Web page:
intermittent fasting 16x8

There are many benefits to intermittent fasting which can be obtained by almost anyone. Even if you decide you just want to lose a few pounds or stay at a specific weight, intermittent fasting can help you achieve those goals.

Some of the benefits of intermittent fasting include:

  • Promotes a release of human growth hormone (HGH), which is a hormone that declines with age. Intermittent fasting can increase HGH by as much as 1000%. HGH has an anti aging effect on the human body, so naturally producing more of it can be good for your overall health.
  • It gives your body and organs a break from having to digest foods around the clock and help purify the body of toxins. This is why even doing a 24 hour fast from time to time is good for your health. So intermittent fasting helps you detoxify your body, allowing your liver to recover and rebuild and clear your colon.
  • Improved muscle tone and function will most certainly be a result of intermittent fasting especially when you couple this with strength training and high intensity training (HIT) like sprinting. As mentioned above in a fasted state your body actually increases the production of good hormones like HGH and by coupling it with strength training or HIT you ramp up the production of HGH and testosterone even more.
  • You are likely to lose a few pounds during your first week of intermittent fasting, and there is a high probability that  you will keep the weight off as long as you continue to do intermittent fasting. Don’t mistake this for a silver bullet you still need to have a good diet and not over eat.
  • Intermittent fasting can help normalize insulin sensitivity. Spiking blood sugar levels caused by eating cause insulin to increase, which has effects on storing additional fat and disrupting healthy hormone levels.

My experience

The first week or two can be difficult if you are typically eating 3 meals a day. For me I just skip breakfast and after a few days you become accustomed to not eating and the fasting becomes less difficult. Instead of eating breakfast I drink some coffee when I get up and go on with my day. I personally do not find a 16:8 or 18:6 fasting protocol to be difficult to implement and after a week or two it just becomes a habit.

I did not suffer any adverse effects from intermittent fasting; quite the opposite I feel more energetic, lost a few pounds, and improved my body composition becoming leaner and more muscular. I also changed my diet to be more Paleo like, eating fruits, vegetables, nuts, and lean protein meats and fish. You don’t need to intermittent fast every day of the week, but the more disciplined you are the greater the benefits. You will likely find times where you eat a little earlier in the day, say maybe an early lunch so maybe you only fasted for 15 hours, or you had a late dinner the night before. Give yourself a break, these minor deviations in the program will not effect the overall outcome, so be flexible.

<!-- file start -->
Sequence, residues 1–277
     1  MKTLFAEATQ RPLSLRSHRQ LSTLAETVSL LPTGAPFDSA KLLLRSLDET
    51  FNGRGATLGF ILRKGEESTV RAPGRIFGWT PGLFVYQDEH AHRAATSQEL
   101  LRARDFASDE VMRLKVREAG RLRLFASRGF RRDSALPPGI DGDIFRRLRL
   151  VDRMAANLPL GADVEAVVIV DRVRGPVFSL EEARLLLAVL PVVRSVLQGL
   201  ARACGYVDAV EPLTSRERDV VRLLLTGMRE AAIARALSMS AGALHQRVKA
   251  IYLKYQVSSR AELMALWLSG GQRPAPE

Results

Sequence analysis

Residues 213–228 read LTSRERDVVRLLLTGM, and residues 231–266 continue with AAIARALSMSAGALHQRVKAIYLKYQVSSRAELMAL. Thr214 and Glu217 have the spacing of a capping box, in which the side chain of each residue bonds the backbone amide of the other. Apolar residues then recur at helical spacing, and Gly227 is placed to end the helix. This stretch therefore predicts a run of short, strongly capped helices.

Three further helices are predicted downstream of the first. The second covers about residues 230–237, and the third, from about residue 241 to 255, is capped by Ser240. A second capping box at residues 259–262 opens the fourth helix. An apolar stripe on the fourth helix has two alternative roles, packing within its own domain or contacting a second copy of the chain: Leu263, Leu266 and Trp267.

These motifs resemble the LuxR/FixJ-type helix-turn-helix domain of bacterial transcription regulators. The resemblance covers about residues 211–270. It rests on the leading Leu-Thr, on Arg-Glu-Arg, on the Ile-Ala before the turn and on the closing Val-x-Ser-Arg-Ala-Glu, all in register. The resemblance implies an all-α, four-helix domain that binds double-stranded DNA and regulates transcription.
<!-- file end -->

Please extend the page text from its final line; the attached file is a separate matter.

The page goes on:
Remember when you are fasting you should be taking in zero calories, so stick to drinking coffee, tea, or water. Don’t use creamer or sugar in your coffee or tea. If you need to sweeten it up you can try a little Stevia, but even with Stevia the jury is still out on whether that causes an insulin response in the body.

A final tip for improving your results is the longer you prolong the fasting phase the greater your results. This means if you can stop eating the night before by 7:00 p.m. and not eat your first meal until 1:00 p.m. you have been in a fasted state for 18 hours and this means HGH levels are still increasing, fat is being burned for energy, and the detoxification process is in high gear. If you really want to ramp it up, then you might consider a 24 hour fast once every week or two, which will provide even greater results.

The following video is a good primer on intermittent fasting, but you can find all kinds of great videos on YouTube that address various aspects of this type of fasting:

If you are looking for a way to increase your energy levels, detoxify your organs, increase HGH and other good hormones, or lose a few pounds, give intermittent fasting a try.

Namaste

 

Study shows women more naturally fit than men

Health Secrets of a SuperAger

At the risk of sounding sexist, I am surprised by these findings. I guess because men are generally bigger and stronger, I assumed the opposite was true.